M/cloudy
35°
M/cloudy
Hi 50° | Lo 36°

Wilton

Board: Police  can use Tasers

Select Board chair

  • The Wilton Select Board approved the acquisition of Tasers by the local police force, after hearing from residents and Wilton police officers on Monday night.
  • The Wilton Select Board approved the acquisition of Tasers by the local police force, after hearing from residents and Wilton police officers on Monday night.
  • The Wilton Select Board approved the acquisition of Tasers by the local police force, after hearing from residents and Wilton police officers on Monday night.

WILTON — After more than a month of conversation and research, the Wilton Select Board has voted to approve the use of Tasers for the local police department, in a decision Select Board Chair Dan Donovan referred to as “one of the most difficult and contentious issues” he’s dealt with in his nine years on the board.

Wilton Police Chief Brent Hautanen told the board during its meeting Monday he wants to use funds set aside from drug forfeitures to purchase nine Tasers and holsters — one for each full-time member of the force and two to rotate between the department’s part-time officers. The officers will be trained at the Wilton Police Department. Some training hours will be considered overtime, and other, the written examination aspects of certification will be done during regular duty time, he told the board.

Several Wilton police officers spoke on behalf of the use of Tasers in town. Lt. Eric Oleson told the board that officers have been in situations numerous times in which a Taser would have been helpful. One situation, he said, involved a detained suspect attempting to break the thumb of officer Michael Abel while in a close-quarters holding cell. “None of us feel this is a toy,” said Oleson. “We’re looking to use another tool.”

Part-time patrol officer Gerry Reppucci also advocated for Tasers. He pointed out that the town of Wilton issues police officers a handgun and rifles, an extendable baton and pepper spray. If the town trusts the policies in place and the judgment of its officers to use those tools, it should trust them with Tasers, he said. He also felt a suspect that required force to be subdued would be less likely to be injured by a Taser than being hit with a baton or a closed fist.

Also, Reppucci pointed out, denying Tasers to Wilton officers does not mean a Taser will never be deployed in Wilton. Both of the towns most likely to respond to a request for police mutual aid — Lyndeborough and Milford — have Tasers, he said, and will deploy them if the situation calls for it. “When those officers come to Wilton, do they have to leave their Tasers in the car?” Reppucci asked.

Resident Mark Hastings, who is an assistant with Southern New Hampshire Medical Center, said in the time he has been employed, he’s never seen any patients who required emergency care because of a Taser. Wilton Ambulance Chief Gary Zippolo added that since 2006, he’s also never had to respond to an incident because of a Tasing.

“We have to have faith in our police department and the training of our police department,” said Zippolo. “I’ve been at least twice in the past 18 months where a police officer was hurt, where they might not have been hurt or hurt less if they had a Taser. I have a problem with that.”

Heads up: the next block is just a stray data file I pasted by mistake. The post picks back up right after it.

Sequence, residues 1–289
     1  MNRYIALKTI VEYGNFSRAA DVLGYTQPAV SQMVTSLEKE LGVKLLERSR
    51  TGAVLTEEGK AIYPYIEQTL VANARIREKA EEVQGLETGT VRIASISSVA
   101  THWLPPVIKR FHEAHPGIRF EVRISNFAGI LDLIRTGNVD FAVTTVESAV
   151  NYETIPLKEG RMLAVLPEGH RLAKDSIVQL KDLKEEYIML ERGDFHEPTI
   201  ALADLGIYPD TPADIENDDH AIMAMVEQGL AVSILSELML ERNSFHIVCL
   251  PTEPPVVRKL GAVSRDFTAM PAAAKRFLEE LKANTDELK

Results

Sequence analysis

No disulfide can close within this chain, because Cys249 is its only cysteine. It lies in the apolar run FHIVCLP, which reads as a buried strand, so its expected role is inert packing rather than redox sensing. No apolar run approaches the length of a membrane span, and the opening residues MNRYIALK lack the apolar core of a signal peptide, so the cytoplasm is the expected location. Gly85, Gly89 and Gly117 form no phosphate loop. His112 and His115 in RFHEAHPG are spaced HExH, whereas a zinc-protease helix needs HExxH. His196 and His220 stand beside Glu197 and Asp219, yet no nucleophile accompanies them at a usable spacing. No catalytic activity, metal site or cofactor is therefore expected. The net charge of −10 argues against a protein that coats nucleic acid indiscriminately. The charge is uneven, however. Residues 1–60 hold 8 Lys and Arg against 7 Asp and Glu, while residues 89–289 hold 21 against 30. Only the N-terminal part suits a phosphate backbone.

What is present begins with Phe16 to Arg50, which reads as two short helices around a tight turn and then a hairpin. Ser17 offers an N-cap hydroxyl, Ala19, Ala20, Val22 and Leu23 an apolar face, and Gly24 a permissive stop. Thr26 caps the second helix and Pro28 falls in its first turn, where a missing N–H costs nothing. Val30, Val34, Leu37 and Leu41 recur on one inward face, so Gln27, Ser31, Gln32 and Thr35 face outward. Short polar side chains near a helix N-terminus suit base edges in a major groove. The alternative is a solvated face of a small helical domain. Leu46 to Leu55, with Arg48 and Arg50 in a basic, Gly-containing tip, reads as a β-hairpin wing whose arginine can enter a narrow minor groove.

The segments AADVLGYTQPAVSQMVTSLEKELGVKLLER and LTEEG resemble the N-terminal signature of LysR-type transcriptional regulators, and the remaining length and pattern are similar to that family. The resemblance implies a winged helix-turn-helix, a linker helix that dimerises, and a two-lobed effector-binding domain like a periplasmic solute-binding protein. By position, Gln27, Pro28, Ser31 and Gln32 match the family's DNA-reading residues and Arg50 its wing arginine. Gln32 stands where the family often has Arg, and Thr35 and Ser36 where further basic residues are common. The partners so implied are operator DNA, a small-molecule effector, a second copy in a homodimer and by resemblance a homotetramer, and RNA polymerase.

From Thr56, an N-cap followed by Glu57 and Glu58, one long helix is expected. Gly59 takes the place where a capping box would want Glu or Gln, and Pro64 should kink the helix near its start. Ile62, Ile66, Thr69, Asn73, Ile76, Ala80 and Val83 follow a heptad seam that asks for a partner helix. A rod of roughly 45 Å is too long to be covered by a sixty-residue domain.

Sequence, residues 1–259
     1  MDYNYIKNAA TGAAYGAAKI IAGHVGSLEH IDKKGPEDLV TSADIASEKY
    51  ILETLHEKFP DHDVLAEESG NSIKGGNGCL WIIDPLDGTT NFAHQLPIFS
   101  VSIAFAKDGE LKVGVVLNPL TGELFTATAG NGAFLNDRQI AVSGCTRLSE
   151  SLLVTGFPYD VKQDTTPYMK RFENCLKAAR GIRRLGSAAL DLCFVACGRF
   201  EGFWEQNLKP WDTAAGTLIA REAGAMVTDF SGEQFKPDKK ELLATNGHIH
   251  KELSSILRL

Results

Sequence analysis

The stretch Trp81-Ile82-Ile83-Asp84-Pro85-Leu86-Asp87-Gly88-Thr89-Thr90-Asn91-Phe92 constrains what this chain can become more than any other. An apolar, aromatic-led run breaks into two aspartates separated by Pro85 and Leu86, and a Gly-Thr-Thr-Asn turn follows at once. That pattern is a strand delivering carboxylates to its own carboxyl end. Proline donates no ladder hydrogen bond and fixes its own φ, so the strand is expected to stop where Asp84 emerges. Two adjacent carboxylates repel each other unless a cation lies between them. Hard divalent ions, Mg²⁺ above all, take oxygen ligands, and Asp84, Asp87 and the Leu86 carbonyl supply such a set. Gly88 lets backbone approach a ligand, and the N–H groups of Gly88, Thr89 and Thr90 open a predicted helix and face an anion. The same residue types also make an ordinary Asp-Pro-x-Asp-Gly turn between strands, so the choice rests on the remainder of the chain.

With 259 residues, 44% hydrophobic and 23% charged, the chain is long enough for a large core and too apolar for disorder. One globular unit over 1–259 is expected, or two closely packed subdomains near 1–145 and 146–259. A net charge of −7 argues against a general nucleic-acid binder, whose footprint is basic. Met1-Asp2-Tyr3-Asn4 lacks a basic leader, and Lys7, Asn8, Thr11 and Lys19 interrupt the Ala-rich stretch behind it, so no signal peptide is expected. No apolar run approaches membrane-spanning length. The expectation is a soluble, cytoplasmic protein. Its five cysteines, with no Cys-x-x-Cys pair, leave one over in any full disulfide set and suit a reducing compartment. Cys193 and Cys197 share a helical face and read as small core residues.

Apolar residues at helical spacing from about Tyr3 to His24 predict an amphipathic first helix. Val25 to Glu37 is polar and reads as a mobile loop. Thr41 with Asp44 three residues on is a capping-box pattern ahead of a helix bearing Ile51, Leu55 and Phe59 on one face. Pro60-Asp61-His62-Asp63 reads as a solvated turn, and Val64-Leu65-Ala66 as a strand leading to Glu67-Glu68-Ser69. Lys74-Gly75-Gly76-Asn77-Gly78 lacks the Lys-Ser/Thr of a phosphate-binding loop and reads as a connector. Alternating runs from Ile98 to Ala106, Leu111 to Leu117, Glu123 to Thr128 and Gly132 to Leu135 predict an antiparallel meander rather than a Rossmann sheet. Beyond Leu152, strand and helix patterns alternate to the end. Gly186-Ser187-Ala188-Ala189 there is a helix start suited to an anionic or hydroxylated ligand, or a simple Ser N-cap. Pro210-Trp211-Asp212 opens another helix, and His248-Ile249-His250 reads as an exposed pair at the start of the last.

Resident Curt Guild agreed. “The police need our support and are here asking for it. I think we should give it to them,” he said.

“We’re sending these guys out late at night when we’re warm and toasty at home,” added resident Jim Fisher. “We should give them the tools to do the job.”

Donovan said safety concerns ultimately made it impossible for him to support the use of Tasers. One study he had examined advised against using Tasers on the very young, elderly, pregnant women, those who are very thin and anyone under the influence of alcohol and drugs. The study also warned against using Tasers on suspects who are fleeing due to the possibility of injury from a fall after being hit.

Hautanen said other studies did not take the same view on Tasing those under the influence of alcohol or drugs, and indeed, that can be where Tasers are the most useful. While high or intoxicated suspects might not register the pain of a baton or a fist, a Tasing creates an involuntary contraction of the muscles. He did agree that Tasing a child, pregnant woman or an elderly person wouldn’t be appropriate unless it was a situation where deadly force would be appropriate. Hautanen said he would be working with protocols used by other law enforcement agencies, and endorsed by the Local Government Center. Donovan asked if Hautanen would be willing to work with the board to create a set of protocols for Wilton.

Select Board member Rick Swanson said that his research and speaking with Hautanen had convinced him that with proper training and a strict policy detailing their use, Tasers could be an asset. “I think the comments by the officers and the public were forceful,” he said. He added that he also found it telling that no detractors of Tasers had spoken at the meeting. “I had an idea there was a faction in town that was against the use of Tasers, but those people didn’t show up.”

The board ultimately voted 2-1 to approve the acquisition and use of Tasers by the Wilton Police Department, with Donovan voting against. Hautanen said in an interview Wednesday he was satisfied with the outcome, and was gratified that the public had spoke in support of the department. The police department should be outfitted with and trained in the use of Tasers by the end of December at the latest, he said.

There are no comments yet. Be the first!
Post a Comment

You must be registered to comment on stories. Click here to register.